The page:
We bought our home 5 years ago and at that time our wood deck was looking pretty rough. I’m guessing that it was original to our home which would make it 20 years old at this point. Well, this summer we finally addressed our aging deck and I am so happy with how it turned out. Seriously, why did we wait so long to tackle this project? Our deck is now our favorite spot in our home. If you want to find out how to restore a wood deck you’re in the right place. Doing it yourself will save you so much money. I won’t lie though, it’s going to be a lot of work.
What’s a renovation project without some before pictures right? Welp, here is my terrible deck. It was moldy, had chipped paint and the wood was very weathered. We also made a gate to keep our dog in a few years ago and it clearly didn’t match our deck since we never finished it.
What You’ll Need
You are going to need some tools and materials to refinish your deck. Here is a breakdown.
Directions – How to Restore an Old Wood Deck
Step 1 – Replace boards and secure nails as needed
Start by clearing everything off of your deck so that you can properly assess the condition of each board.
You may be lucky and not have to do anything with this step. Or you may be like us and have issues with either warped or severely weathered boards so just be sure to evaluate the condition of each board before you get too far along in the refinishing process.
It’s hard to tell from this image but all of the boards that were on the top of our railings were cupped/warped. They also had a bunch of holes in them from previous owners that had installed hanging baskets. We just ripped them out and then purchased some new pressure treated (PT) lumber boards to replace them with. Since we bought our PT boards from Home Depot and they were stored inside, we let them sit for several months to dry out before we installed them. If we didn’t do this there is a good chance that they would have warped after the fact and we would have been in the same situation as before. It’s always important to let PT wood dry before using it.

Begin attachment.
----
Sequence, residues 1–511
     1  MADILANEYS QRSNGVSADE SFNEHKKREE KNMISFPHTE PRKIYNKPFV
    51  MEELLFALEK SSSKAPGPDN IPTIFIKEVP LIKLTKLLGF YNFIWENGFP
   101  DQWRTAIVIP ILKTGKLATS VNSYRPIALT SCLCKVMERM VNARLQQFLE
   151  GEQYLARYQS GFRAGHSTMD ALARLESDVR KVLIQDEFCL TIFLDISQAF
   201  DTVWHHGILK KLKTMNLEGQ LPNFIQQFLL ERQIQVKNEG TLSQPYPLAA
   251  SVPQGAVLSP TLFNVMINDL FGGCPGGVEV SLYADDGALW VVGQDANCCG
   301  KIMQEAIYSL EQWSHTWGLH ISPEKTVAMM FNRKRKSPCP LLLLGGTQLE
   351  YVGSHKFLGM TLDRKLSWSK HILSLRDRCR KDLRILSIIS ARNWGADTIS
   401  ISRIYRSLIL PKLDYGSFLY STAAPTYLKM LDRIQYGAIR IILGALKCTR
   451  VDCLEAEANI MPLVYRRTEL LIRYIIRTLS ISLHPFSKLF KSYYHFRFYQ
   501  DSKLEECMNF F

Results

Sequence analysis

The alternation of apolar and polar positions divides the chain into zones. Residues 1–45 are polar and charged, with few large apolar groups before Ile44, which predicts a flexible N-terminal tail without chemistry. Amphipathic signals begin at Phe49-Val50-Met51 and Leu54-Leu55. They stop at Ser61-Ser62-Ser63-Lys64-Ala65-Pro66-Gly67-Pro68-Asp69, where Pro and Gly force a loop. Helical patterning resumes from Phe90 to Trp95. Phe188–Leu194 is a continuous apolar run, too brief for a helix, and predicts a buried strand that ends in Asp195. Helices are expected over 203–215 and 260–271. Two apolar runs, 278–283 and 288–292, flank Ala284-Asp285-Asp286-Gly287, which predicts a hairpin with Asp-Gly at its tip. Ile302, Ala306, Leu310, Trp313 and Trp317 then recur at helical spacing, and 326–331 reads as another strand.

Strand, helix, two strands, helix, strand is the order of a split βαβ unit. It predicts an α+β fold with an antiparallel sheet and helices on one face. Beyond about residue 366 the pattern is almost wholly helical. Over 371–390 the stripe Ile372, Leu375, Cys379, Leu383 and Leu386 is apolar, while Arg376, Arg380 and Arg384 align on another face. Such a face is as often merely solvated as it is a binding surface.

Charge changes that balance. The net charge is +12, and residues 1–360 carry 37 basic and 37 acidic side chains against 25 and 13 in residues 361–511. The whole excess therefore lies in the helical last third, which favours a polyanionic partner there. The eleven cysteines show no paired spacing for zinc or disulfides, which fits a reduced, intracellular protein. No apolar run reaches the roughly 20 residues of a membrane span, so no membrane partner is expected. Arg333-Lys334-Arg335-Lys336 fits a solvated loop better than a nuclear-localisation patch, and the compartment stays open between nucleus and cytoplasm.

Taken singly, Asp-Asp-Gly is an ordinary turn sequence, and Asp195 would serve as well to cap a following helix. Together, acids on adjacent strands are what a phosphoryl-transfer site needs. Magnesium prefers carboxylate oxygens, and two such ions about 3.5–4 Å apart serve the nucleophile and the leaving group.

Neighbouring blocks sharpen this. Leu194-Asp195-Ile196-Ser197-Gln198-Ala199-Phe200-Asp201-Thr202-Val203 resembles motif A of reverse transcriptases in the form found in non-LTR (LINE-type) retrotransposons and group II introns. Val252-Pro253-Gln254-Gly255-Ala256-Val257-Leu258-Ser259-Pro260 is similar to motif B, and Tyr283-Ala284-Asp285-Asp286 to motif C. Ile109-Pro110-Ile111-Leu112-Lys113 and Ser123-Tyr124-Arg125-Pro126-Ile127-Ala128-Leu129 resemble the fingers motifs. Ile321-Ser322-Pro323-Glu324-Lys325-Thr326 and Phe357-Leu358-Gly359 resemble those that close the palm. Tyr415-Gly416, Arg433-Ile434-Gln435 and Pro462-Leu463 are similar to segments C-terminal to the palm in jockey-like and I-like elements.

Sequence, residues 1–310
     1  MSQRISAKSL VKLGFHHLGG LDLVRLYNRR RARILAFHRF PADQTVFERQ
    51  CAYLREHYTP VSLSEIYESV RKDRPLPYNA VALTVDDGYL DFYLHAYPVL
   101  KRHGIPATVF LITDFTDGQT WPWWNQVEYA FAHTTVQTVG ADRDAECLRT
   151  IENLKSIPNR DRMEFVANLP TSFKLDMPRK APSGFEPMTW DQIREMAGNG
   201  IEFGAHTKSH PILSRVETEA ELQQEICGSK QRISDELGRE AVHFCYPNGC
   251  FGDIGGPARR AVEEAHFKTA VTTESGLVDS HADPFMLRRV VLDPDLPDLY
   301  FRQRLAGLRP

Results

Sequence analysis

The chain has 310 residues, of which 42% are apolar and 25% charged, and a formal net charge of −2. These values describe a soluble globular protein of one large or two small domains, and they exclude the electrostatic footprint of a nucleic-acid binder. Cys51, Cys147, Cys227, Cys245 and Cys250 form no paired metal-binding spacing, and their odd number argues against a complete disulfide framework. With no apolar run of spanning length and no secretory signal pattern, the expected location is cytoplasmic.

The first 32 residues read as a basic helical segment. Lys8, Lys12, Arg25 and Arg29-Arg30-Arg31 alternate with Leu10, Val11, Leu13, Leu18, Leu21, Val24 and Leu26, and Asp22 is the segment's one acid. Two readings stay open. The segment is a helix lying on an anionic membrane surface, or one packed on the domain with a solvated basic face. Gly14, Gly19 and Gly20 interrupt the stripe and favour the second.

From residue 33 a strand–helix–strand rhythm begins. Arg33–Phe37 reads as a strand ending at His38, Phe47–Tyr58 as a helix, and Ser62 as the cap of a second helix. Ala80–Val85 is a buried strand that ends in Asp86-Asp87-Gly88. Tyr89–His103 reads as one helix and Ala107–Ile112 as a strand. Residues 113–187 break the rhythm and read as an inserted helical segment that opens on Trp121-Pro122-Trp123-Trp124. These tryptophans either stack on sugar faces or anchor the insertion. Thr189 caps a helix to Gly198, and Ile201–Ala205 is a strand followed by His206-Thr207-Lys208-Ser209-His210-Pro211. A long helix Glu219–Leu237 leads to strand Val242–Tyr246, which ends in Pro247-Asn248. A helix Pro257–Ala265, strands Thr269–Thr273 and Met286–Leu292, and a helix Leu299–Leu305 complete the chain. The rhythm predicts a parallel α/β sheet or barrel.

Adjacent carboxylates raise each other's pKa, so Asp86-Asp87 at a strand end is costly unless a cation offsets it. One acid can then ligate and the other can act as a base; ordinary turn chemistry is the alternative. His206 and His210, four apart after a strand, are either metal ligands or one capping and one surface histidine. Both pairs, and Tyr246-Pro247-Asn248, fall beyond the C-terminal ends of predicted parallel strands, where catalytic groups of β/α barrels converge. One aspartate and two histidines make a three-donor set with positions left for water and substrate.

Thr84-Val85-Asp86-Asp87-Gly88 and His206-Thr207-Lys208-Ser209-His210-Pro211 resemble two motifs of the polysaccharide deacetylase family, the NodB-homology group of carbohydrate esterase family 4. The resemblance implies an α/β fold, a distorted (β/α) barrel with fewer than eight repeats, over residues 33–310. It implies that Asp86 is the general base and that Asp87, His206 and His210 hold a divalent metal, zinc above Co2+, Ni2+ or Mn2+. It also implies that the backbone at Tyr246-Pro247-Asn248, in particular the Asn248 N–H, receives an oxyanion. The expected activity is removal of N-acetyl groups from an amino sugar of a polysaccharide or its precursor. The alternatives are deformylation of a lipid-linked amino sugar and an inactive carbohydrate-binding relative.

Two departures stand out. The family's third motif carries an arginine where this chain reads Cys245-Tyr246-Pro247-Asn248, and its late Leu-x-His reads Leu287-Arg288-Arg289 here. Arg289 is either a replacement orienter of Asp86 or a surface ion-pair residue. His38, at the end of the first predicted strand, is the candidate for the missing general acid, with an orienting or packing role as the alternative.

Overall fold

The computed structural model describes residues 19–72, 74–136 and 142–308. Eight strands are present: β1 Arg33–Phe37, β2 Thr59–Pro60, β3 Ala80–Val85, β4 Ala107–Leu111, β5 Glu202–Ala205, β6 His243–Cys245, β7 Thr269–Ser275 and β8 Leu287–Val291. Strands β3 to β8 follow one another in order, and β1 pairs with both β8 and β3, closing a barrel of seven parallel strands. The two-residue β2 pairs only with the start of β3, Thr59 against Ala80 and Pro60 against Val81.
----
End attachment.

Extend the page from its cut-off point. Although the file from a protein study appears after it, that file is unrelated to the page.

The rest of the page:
Over time nails may pop out so before you move to the next step be sure to hammer any nails back in place if they have worked their way out.
Step 2 – Pressure wash the wood
While it isn’t absolutely necessary that you use a pressure washer to refinish a deck I would highly recommend it. It will save you so much time sanding and cleaning. Just trust me on this. You can even rent them at many home improvement stores if you don’t have one of your own. Or, I bet a family member or neighbor has one that you might be able to borrow. We borrowed one from my in laws for this project!
If you’ve never used a pressure washer before, practice on an area that isn’t high traffic or that visible. We definitely made the mistake of having the pressure too high and holding the nozzle too close to the wood and it completely etched it. Oops!
The pressure washer did a pretty good job getting the stain off of the flat surfaces but not so much on the vertical surfaces like the rails. Probably because they aren’t high traffic areas and also don’t have the sun beating on them all day long. Here are a few photos from after pressure washing. It has to get worse before it gets better right?….
Step 3 – Sand your deck
This was by far my least favorite step in the process. Sanding is not fun. I decided to use my small orbital sander and get down on my hands and knees to sand the deck. Yes, I could have rented a drum sander but I already had tools at home that I could use and I was concerned that the splinters and nails in my deck would damage the large drum sander. I don’t want to have to pay to replace one of those!